Labours of love
Editorial Board 2001-2002
Labours of love
Great newspapers are created and maintained through two separate, but equally important, labours of love.
The first, the kind a newspaper's creators feel for their "daily miracle." The reporters, editors, artists, photographers, salespeople and designers truly love this little rag. No amount of thanks can repay the debt we owe to these selfless individuals who, because of love and dedication, toil away hour after hour in our windowless cave to produce the nation's greatest student newspaper.
From Uncle Ian, to our composing goddess Meg, to our much missed Bobbie K, to the boys in advertising and our mom Sandy. From our 17 section editors who sacrifice so much for that little satisfaction each morning to our volunteer staff who summoned up the courage to visit our office one day and decided to stay for immeasurable amounts of time.
Thank you. Thank you a thousand times over for caring about this paper with the dedication and heart it so richly deserves.
The second labour of love is that expressed by our readers.
No one ever said reading this paper each day was going to be easy. One of the greatest, but often most frustrating elements of the student newspaper is its status as a tool of learning. This atmosphere of experimentation, growing and discovery produces some truly inspiring content on a daily basis, but, inevitably, it also produces mistakes.
But, we learn from our mistakes and we soldier on all the better for them.
Each day, dear reader, you are our toughest critics, our most thorough scrutinizers. But, when it matters, you are also our biggest supporters. Without you, The Gazette is nothing. Without you, we don't exist.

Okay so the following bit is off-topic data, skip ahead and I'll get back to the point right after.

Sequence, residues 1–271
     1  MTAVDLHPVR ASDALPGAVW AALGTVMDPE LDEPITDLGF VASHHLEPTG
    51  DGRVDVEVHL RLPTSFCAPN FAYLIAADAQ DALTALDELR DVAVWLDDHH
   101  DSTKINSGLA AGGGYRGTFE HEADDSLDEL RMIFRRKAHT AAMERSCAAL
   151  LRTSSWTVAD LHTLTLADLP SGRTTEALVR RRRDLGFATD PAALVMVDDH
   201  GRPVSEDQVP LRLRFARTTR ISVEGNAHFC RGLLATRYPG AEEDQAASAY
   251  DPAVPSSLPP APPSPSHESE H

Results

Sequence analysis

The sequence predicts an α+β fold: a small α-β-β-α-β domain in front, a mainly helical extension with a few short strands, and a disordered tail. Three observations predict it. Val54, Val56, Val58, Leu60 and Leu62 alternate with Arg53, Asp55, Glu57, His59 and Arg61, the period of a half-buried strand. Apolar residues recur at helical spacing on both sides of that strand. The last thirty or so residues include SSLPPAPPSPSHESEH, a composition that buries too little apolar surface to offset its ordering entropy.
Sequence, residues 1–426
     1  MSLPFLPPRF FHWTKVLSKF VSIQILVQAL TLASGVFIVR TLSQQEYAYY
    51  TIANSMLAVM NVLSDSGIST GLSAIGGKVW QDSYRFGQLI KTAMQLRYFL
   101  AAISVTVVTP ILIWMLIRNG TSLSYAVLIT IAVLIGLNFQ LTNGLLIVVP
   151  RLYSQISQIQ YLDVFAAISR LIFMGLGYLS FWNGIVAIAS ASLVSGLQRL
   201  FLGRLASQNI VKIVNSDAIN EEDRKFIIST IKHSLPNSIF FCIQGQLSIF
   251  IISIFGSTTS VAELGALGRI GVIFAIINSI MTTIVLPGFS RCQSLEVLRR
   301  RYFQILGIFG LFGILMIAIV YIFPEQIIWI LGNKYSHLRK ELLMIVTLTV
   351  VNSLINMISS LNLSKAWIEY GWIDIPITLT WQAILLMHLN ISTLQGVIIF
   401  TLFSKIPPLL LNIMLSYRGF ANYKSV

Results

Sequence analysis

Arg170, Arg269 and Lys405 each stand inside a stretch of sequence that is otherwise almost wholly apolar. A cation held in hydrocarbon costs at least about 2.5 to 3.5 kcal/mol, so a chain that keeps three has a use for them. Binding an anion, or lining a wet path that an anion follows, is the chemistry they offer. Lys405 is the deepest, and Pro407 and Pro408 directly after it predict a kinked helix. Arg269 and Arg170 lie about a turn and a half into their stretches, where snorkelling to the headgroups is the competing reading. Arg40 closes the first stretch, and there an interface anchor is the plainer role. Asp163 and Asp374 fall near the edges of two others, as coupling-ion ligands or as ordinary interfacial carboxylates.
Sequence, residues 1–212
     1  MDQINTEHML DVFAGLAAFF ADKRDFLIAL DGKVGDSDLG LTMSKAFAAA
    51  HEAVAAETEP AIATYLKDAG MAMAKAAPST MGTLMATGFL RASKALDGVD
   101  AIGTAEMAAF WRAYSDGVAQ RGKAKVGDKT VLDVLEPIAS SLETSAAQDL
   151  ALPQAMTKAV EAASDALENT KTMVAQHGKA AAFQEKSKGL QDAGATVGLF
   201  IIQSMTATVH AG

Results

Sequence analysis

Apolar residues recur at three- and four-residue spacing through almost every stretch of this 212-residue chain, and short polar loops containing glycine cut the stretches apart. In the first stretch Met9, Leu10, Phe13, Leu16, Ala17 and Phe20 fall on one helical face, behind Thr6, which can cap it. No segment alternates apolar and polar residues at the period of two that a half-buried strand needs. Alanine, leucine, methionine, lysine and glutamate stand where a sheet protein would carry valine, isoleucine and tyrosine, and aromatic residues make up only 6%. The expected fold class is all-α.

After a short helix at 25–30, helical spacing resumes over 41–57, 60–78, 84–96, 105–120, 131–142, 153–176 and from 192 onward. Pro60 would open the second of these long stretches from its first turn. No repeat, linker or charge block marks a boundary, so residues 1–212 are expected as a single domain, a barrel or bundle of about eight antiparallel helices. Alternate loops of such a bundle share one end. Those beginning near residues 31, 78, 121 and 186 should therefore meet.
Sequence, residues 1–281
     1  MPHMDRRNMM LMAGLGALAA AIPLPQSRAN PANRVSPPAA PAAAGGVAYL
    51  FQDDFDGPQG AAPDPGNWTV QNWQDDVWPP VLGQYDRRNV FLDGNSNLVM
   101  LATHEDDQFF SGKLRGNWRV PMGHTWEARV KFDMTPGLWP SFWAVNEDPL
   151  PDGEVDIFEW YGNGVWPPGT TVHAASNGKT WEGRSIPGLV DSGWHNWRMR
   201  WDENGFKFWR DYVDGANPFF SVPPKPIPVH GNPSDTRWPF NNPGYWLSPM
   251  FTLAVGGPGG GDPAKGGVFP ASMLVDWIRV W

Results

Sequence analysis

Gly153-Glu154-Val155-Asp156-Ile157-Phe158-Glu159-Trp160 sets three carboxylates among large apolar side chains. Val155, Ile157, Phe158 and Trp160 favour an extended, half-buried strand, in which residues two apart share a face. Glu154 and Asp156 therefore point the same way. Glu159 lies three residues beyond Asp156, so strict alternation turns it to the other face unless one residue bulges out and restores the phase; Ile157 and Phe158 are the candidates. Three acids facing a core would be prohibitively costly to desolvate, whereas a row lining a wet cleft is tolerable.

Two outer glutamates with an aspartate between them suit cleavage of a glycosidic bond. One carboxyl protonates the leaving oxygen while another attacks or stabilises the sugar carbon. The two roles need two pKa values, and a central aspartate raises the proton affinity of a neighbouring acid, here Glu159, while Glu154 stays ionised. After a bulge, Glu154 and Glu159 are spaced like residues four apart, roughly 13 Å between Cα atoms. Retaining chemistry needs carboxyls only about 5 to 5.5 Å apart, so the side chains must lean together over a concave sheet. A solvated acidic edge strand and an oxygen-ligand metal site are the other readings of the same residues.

And for that, we don't thank you enough.
Thank you for your letters especially those that complain about any part of this paper. Your criticisms and thoughts are taken very seriously and very dramatically affect the future course of this paper.
Keep reading. Keep writing. Keep coming up to the office to tell us what you think.
We'll keep writing, working and striving to make this paper better with each subsequent day and each subsequent year.
In the end, The Gazette depends on both our loves if it is to truly grow and shine.
Last Wednesday, The Gazette challenged Western president Paul Davenport to back up his "promise" (that no student would be denied access to Western for financial reasons) with cold, hard cash to the financial aid office.
First, it must be noted that our dear French knight does donate money to this university. But, it must also be noted that this amount falls below this paper's expectations and below what should be expected of a president who earns $237,000 and enjoys numerous other perks of the job.
We again challenge Dr. Davenport to put some action behind his promise and increase his financial contribution to this university's financial aid office.
You know where to reach us. We'll be waiting.